The funeral ceremony continues into its third day. Now all sorts of people come out of the woodwork to pay their respects and mooch off the hospitality of the aggrieved. Ramatoulaye’s house is essentially trashed by the crowd. The men and women occupy different sides of the parlor; the men occasionally shout over at the women to chastise them for gossiping loudly and not showing the solemnity that the occasion demands. Many of the guests present gifts of money to Ramatoulaye and to Modou’s family. Ramatoulaye explains that these customary gifts once consisted of unquantifiable goods, such as livestock or millet, but now everyone simply presents the aggrieved with banknotes, and tries to one-up everyone else by giving the most cash. The proceeds are divvied up among Ramatoulaye, Binetou and her family, and Modou’s family. Binetou’s mother and Modou’s sisters get the lion’s share, leaving Ramatoulaye destitute in comparison.
Ramatoulaye experiences firsthand the marked disconnect between the premise of dignity on which the funeral ritual is founded and the indignity that the ritual actually can create. But while she is skeptical of the traditions she is expected to follow, she is also nostalgic for traditions that have been abandoned or otherwise corrupted: the exchange of cash in lieu of actual gifts strikes her as somewhat appalling. The unequal apportioning of the gift money between her and her family-in-law only underlines the illogic of custom for custom’s sake, and the way even traditions of generosity and selflessness can be easily twisted.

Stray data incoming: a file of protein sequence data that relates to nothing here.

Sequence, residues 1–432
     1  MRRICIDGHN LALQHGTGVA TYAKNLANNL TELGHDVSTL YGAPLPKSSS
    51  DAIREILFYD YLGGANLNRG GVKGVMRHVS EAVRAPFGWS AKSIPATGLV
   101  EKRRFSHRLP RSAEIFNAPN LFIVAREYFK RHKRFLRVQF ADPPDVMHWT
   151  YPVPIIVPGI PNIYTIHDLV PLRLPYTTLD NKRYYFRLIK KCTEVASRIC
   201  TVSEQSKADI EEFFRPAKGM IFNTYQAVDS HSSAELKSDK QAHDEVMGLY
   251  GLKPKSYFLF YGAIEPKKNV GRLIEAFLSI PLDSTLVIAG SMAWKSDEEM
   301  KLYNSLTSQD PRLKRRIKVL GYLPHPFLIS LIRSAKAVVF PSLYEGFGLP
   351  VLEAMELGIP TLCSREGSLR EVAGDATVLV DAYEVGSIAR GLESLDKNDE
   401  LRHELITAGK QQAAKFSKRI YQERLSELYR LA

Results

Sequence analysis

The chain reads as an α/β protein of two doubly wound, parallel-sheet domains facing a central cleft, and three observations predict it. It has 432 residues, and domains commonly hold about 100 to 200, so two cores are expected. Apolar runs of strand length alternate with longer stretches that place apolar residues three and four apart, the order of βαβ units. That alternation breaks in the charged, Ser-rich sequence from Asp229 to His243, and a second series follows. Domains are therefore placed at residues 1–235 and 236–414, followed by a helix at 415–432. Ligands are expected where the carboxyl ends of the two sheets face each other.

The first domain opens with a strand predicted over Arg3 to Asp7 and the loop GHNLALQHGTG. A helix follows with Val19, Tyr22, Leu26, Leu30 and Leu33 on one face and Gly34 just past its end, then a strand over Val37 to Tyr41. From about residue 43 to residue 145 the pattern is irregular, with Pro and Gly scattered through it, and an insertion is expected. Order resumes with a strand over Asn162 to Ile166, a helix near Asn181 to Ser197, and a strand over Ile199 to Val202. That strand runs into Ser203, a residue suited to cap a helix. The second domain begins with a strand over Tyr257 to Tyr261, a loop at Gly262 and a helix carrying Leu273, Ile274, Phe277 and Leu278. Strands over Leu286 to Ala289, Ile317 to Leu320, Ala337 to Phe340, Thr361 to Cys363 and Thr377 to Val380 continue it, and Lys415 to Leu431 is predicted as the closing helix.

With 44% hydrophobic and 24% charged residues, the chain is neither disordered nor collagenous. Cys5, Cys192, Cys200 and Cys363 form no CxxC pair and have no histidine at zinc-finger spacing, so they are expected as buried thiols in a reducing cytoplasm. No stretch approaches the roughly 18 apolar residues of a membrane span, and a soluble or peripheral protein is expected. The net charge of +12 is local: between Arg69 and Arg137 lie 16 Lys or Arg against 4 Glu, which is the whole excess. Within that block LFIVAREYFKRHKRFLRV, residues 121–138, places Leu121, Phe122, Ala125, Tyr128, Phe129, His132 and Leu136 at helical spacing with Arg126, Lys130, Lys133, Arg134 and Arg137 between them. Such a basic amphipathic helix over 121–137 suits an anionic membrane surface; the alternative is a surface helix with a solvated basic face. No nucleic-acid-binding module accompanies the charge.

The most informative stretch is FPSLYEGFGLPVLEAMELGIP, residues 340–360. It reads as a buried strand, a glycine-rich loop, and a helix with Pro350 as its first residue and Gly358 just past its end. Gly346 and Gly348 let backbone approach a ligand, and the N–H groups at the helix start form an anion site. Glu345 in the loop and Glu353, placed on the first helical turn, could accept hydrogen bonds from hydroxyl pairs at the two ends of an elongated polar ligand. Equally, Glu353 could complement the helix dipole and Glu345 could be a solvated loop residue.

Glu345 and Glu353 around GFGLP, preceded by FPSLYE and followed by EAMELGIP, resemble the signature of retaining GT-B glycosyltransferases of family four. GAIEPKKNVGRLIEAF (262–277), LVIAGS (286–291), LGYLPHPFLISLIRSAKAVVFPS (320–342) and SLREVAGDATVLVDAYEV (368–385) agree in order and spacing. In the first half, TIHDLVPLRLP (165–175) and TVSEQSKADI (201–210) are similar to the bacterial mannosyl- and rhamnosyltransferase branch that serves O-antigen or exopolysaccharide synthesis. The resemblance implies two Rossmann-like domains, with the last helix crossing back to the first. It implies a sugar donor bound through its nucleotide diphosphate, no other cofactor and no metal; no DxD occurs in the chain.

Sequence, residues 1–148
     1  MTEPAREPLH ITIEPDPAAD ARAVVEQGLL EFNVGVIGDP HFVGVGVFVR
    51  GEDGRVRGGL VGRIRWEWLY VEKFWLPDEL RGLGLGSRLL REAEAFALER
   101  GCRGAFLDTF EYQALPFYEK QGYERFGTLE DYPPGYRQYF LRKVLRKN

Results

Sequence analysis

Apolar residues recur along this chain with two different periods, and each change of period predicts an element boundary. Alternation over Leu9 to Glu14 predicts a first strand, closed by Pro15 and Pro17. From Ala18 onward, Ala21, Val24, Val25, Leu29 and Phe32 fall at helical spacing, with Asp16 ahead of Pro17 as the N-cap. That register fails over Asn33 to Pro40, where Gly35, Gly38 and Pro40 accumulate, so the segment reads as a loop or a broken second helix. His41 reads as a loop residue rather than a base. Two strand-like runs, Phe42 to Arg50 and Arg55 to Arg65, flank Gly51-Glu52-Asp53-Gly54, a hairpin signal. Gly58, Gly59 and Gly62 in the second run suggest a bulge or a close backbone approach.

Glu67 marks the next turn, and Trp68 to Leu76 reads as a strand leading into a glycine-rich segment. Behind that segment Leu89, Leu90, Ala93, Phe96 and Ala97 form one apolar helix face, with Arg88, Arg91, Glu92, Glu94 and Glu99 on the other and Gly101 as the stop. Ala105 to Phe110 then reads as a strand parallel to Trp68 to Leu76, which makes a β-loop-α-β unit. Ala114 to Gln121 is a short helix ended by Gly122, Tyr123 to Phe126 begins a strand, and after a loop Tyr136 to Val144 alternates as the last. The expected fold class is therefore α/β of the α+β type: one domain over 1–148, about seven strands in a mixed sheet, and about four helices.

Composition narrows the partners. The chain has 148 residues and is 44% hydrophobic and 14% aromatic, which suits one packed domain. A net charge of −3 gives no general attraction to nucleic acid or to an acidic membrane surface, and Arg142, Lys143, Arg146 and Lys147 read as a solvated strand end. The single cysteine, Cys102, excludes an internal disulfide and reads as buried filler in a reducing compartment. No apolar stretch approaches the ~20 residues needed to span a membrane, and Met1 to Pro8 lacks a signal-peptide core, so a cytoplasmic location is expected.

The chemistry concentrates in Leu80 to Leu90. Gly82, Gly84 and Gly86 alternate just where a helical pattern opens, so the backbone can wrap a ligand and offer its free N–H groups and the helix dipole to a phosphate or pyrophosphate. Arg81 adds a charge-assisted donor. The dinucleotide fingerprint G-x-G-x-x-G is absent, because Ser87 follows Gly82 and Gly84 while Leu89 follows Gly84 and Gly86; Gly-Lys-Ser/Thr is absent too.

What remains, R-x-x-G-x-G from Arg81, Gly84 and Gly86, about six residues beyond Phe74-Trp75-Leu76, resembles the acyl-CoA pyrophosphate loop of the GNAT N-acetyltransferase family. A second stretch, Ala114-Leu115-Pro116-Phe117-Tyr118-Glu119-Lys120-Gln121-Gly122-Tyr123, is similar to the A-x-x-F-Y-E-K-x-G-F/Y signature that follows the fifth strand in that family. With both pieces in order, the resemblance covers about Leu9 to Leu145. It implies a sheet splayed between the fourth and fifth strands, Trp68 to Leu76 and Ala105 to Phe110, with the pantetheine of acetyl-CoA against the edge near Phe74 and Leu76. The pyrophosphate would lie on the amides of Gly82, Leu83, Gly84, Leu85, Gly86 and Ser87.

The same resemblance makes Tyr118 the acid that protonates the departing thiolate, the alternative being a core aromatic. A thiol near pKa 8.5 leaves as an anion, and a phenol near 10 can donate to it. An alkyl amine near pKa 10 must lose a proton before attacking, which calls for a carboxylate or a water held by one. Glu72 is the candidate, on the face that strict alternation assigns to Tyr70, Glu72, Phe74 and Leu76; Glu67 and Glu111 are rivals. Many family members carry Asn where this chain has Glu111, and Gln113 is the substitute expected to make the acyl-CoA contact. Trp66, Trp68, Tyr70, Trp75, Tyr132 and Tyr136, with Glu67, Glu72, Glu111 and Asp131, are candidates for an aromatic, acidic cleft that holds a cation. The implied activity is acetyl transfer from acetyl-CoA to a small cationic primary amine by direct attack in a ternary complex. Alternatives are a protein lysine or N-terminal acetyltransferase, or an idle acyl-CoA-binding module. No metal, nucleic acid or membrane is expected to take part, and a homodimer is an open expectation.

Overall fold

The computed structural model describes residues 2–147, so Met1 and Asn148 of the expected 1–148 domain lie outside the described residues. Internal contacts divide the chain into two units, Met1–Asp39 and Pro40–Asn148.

Finally Binetou and the relatives clear out, leaving destruction in their wake: Ramatoulaye’s floors are blackened and her walls are stained with oil, and trash litters the house. In their absence, Ramatoulaye now must confront her mirasse, a period of four months and ten days that she must spend in solitude and mourning, in accordance with custom. She is apprehensive but faces her “duty” with resolve, writing that her “heart concurs with the demands of religion.”
Despite her clear and outspoken discomfort with many of the demands of her religion and culture, Ramatoulaye is determined to meet them head on and operate within them, rather than against them. This is one of the first glimpses of Ramatoulaye’s particular brand of stoicism and quiet courage.